Naturally I yelled at Noah saying, “Dude….I bet a lot of people don’t realize the true value of Grasshopper….why don’t you EXPLAIN what it can DO FOR THE USER, then offer them the $100 off?”

Noah agreed.

I further started showing him the structure of good sales copy, and “How I could TOOOTTALLY do better.”

He put me up to it.

I actually WANTED to do some of the emails in exchange for collecting the performance data.  Where else could I test out several emails a week to 50,000 people?

Anywhozit….I started preparing the emails 2 days before each deal came out, and….


The first deal was something of a crappy deal.  Now I don’t mean it was a BAD deal….but it was going to SELL CRAPPY because it was extremely niche based.  It was a deal for a service that sends you 4 sets of matched fonts per month.

Now NO ONE BUT HARDCORE DESIGN NERDS would buy this….in fact, they all know you can get thousands of fonts online for free.  This was a carefully curated collection of fonts, and only hardcore graphics designers would buy something like that….to make it an even harder sell, it was a lifetime membership costing something like $125.

With the old AppSumo email style, this deal had no chance of stellar sales.

But then Enter Copy-Writing-Minded-Neville:

I quickly realized a VERY specific deal would exclude tens of thousands of people in this case…so I tried applying copy writing techniques to neutralize that.  Basically, being open and honest about it.

It started out like this:

If the names “Lucida Sans Unicode” or “Courier New” don’t mean anything to you, go ahead and close this message.

You see my friend, today we’re reaching out only to the community of people known as font whores.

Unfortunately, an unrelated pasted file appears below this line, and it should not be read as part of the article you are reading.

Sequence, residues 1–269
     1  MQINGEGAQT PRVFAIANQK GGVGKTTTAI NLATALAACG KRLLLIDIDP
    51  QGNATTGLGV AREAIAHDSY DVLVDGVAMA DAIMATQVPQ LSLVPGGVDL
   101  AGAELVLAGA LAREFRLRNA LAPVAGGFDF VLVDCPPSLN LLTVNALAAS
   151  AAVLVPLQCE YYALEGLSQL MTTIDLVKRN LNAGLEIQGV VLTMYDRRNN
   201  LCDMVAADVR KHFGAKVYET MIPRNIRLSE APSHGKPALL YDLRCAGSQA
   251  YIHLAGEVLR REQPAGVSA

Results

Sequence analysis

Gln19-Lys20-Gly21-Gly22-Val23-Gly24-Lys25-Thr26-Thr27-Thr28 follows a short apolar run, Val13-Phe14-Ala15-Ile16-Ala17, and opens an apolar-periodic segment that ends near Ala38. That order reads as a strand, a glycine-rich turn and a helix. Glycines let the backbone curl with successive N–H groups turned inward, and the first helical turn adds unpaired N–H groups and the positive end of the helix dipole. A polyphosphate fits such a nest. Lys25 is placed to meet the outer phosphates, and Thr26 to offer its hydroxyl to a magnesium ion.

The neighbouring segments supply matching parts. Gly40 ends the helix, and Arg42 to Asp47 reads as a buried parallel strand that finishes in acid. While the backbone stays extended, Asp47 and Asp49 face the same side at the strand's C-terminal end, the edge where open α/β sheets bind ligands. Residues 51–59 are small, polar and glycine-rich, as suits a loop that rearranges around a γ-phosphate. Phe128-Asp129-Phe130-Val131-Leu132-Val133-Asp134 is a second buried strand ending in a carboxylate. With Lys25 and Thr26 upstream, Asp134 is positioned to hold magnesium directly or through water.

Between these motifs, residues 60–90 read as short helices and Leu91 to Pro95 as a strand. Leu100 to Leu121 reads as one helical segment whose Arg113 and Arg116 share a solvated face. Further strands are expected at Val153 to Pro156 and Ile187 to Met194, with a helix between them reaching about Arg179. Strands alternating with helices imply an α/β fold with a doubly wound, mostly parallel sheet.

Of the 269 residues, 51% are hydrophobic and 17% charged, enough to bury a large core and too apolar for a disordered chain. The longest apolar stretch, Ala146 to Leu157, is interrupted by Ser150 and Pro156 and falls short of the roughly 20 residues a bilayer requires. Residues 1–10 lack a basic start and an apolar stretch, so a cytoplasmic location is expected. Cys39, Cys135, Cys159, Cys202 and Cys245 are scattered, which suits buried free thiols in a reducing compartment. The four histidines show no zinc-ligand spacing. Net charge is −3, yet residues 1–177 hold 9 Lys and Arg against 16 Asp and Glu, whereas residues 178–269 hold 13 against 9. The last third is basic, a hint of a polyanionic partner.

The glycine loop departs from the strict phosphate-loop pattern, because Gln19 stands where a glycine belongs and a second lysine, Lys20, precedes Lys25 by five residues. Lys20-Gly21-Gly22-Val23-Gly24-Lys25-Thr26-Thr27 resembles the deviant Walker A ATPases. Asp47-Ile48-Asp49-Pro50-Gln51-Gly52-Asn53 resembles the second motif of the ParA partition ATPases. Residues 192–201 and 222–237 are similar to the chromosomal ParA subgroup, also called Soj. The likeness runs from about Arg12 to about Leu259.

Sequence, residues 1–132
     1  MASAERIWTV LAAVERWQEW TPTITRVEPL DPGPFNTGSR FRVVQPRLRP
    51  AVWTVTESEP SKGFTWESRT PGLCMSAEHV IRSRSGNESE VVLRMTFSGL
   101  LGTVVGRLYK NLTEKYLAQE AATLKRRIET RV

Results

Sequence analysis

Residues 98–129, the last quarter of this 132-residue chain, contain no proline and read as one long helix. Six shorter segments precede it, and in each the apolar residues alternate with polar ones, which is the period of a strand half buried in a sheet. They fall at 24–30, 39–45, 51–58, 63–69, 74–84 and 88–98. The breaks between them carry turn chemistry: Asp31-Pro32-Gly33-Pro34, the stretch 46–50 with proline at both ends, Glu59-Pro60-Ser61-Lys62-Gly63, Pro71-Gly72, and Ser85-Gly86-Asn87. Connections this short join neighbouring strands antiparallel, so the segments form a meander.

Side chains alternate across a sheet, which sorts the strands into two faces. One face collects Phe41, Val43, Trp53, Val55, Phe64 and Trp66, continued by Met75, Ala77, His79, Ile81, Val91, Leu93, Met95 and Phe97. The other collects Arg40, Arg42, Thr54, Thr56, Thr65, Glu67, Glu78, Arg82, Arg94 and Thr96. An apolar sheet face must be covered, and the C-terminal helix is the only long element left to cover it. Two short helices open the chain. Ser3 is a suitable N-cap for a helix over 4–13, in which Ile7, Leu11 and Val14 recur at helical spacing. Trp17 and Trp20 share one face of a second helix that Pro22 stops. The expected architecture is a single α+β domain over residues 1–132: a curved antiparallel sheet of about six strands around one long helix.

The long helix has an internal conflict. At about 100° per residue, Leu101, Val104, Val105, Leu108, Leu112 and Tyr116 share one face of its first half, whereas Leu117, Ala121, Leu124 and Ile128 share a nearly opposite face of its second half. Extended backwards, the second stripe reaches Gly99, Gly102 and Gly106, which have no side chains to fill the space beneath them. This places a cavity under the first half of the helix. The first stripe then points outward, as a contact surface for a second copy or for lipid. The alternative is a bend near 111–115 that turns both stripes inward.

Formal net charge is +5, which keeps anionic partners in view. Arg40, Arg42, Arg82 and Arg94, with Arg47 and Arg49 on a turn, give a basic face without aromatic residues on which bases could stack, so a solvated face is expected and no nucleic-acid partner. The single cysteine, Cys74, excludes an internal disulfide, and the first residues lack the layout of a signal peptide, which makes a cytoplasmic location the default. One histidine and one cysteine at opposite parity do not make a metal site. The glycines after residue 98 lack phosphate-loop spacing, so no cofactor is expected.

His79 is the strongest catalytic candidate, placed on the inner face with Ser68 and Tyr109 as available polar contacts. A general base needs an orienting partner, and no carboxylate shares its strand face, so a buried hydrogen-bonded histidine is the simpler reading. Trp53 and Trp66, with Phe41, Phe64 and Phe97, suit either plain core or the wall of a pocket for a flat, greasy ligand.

You know who you are!

If your knees go weak when I whisper, “GARAMOND.”
…you might be one of em.

Right off the bat this doesn’t necessarily sound like a typical marketing message.  In fact, it’s mildly offensive and quite sexually suggestive.

But you know what….PEOPLE READ IT.

People emailed us back saying the email had NOTHING to do with their line of work, but they still enjoyed reading the email.

We also got people saying they HATED the email and that it was misogynistic and (insert more whiny-bitch-complainer examples)… get the point.


To Noah’s surprise, this particular deal TOOK OFF!  It was like one of those movies where the ugly girl puts on some makeup, let’s her hair down and wears a gown and is suddenly hot.

So what did this mean?

It means I just made AppSumo a bunch of MONAAAY!!:

Hooray right?  I just made SOMEONE ELSE a bunch of money!

So that was pretty damn cool.  We turned the ugly girl into the “belle of the ball” with the power of of the pen.

Naturally the Chief Sumo wanted me to do the next email, then the next, then the next etc….

Some funny things happened in the next few email send-outs: